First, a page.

Nick wasn’t at Dry River to view the 2017 season first hand, which I have heard coined the un-summer in this greater Wellington region. With 190mls of rain for the summer season by the end of January alone, this will definitely impact the graph above, and more importantly the soils below. But is this enough to provide any long-term results?

We have explored the use of drought resistant root stock here at Dry River. The Dry River Pinot Noir block is a clone of rootstock called 5BB, and those are big strong vines, which might be quite drought tolerant. Otherwise we are limited to what root stocks are available to us. In answer to this we keep our focus on managing the pruning, how many buds we lay, which equals how much fruit we get and how much canopy growth. Those are the tools we have at our disposal, unless we want to install irrigation which for us is not an option.

It is definitely a journey, one that we are committed to follow through. Not only does an organic vineyard make for a safer environment for the people that live and work here, it means we are producing wine free of agricultural chemicals, showing a true expression of the land in which it is grown.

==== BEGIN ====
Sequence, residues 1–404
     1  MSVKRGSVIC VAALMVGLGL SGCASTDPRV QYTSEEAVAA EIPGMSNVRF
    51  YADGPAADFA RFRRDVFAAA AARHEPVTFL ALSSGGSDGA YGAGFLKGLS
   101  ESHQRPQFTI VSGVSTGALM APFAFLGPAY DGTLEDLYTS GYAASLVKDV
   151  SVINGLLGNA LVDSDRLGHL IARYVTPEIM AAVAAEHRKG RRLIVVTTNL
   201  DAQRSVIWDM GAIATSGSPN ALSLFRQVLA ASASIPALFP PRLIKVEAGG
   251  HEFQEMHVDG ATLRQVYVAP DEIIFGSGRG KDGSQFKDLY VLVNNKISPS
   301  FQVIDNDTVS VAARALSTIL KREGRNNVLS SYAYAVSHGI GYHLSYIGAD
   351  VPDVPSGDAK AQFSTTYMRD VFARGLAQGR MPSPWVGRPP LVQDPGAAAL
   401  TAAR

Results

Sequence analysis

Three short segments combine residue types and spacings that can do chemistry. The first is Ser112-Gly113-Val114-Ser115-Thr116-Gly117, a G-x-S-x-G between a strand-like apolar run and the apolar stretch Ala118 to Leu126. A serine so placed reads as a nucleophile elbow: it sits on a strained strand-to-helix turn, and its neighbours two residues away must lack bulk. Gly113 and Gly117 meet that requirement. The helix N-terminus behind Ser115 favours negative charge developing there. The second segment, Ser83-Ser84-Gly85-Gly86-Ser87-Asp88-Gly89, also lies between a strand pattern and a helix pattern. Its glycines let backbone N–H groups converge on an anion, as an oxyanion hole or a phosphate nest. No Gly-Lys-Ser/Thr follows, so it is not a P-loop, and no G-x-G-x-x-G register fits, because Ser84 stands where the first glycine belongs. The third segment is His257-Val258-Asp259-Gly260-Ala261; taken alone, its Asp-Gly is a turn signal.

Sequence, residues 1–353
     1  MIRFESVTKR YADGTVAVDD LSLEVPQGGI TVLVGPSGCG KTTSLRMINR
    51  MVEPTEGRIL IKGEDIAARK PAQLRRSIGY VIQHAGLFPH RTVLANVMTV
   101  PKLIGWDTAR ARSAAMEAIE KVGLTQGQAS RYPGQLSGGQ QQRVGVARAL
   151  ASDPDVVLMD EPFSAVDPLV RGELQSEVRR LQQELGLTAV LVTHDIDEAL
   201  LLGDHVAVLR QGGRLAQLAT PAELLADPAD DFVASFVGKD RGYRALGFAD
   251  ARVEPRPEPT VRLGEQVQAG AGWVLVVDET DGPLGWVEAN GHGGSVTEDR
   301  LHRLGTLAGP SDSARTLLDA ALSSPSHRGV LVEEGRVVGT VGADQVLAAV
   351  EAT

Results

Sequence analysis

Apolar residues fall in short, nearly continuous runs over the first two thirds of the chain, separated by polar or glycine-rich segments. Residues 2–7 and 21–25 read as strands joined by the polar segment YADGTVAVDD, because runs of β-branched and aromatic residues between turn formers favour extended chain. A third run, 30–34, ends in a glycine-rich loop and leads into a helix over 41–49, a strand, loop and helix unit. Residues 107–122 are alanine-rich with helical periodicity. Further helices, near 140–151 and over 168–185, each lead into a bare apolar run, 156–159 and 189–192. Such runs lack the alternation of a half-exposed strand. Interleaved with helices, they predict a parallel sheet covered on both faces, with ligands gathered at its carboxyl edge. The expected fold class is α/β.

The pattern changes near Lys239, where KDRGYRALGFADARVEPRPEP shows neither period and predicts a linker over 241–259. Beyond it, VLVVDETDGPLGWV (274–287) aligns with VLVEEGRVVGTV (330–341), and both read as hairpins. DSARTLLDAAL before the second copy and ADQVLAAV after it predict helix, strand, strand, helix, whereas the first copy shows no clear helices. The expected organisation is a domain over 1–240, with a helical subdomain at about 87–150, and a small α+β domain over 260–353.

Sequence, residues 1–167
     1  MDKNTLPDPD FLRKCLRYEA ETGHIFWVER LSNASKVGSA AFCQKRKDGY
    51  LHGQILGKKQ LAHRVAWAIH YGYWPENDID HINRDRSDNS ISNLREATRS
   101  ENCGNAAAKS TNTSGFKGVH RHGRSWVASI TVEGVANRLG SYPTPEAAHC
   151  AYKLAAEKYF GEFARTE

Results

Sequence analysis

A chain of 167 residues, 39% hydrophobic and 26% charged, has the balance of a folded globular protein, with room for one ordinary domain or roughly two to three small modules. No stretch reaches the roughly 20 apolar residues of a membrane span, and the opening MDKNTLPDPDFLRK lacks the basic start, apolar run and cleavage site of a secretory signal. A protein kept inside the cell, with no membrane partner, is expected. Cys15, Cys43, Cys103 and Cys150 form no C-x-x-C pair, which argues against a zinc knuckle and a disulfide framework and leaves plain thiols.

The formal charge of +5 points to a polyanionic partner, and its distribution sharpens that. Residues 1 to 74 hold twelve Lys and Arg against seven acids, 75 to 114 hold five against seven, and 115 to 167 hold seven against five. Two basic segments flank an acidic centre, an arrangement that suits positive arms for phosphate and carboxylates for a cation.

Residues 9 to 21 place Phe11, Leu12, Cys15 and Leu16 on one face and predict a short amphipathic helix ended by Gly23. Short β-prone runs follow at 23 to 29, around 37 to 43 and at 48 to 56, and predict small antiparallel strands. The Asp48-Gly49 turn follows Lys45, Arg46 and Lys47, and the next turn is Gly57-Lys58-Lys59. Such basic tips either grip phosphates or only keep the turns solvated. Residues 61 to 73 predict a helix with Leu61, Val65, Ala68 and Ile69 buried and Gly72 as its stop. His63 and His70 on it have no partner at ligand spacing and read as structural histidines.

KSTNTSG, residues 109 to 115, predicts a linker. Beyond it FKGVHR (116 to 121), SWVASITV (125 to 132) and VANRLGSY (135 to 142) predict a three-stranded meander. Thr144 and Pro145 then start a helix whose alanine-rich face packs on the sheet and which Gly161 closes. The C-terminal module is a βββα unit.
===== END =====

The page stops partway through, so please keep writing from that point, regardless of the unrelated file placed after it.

View our latest release here 

2 thoughts on “Our Journey to Organics”

  1. thorsten Stanley says:

    Great effort. Im very much in support of efforts to a) increase plant diversity and as a result increase overall animal diversity too and in the long run protect the soil from becoming lifeless. I think you will have great support. I look at a field of sweetcorn (roundup resistant) and there is absolutely NOTHING growing in that field except the sweetcorn. no plants no animals no insects.

    Any thoughts on the use of livestock instead of tractors to reduce compaction? Free fertilizer too… 🙂 I see being done in some of the great vineyards in Bordeaux. . I guess your fancy weedeater needs a source of power… Cheers

    PS incidentally we need rules to limit the planting of only one species of tree in forests. Out radiata forests are silent sterile deserts. The french have realised that for centuries.

    Thorsten

    Thorsten

    1. dryriver says:

      Dear Thorsten, Thank you for your comments. We are very happy with this new journey in order to improve soil health. I am not convinced about anything resistance, evolution seems to disprove that approach. Unfortunately we are not yet using animals in our vineyards, I agree, it would be a nice introduction. I agree on your comment, whether it is vines, grass or forest, mono-culture leads problems in the long term. It is forbidden in many places in Europe to have a one species forest.